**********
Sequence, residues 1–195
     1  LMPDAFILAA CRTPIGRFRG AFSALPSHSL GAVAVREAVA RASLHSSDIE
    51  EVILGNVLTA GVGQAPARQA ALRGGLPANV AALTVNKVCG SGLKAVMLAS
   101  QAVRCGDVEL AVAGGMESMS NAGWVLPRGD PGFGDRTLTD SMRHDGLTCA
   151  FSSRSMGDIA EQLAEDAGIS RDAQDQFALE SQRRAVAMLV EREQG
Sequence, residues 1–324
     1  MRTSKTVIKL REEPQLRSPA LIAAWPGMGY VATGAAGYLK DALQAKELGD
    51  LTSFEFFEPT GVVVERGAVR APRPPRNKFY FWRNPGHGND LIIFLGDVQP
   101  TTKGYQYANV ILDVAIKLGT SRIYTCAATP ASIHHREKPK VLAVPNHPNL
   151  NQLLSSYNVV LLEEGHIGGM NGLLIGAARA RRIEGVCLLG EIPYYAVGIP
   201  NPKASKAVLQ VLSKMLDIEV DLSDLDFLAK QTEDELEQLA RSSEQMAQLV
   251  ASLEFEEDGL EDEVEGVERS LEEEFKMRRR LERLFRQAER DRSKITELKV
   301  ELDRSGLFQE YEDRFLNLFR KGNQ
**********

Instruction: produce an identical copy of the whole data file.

Sequence, residues 1–195
     1  LMPDAFILAA CRTPIGRFRG AFSALPSHSL GAVAVREAVA RASLHSSDIE
    51  EVILGNVLTA GVGQAPARQA ALRGGLPANV AALTVNKVCG SGLKAVMLAS
   101  QAVRCGDVEL AVAGGMESMS NAGWVLPRGD PGFGDRTLTD SMRHDGLTCA
   151  FSSRSMGDIA EQLAEDAGIS RDAQDQFALE SQRRAVAMLV EREQG
Sequence, residues 1–324
     1  MRTSKTVIKL REEPQLRSPA LIAAWPGMGY VATGAAGYLK DALQAKELGD
    51  LTSFEFFEPT GVVVERGAVR APRPPRNKFY FWRNPGHGND LIIFLGDVQP
   101  TTKGYQYANV ILDVAIKLGT SRIYTCAATP ASIHHREKPK VLAVPNHPNL
   151  NQLLSSYNVV LLEEGHIGGM NGLLIGAARA RRIEGVCLLG EIPYYAVGIP
   201  NPKASKAVLQ VLSKMLDIEV DLSDLDFLAK QTEDELEQLA RSSEQMAQLV
   251  ASLEFEEDGL EDEVEGVERS LEEEFKMRRR LERLFRQAER DRSKITELKV
   301  ELDRSGLFQE YEDRFLNLFR KGNQ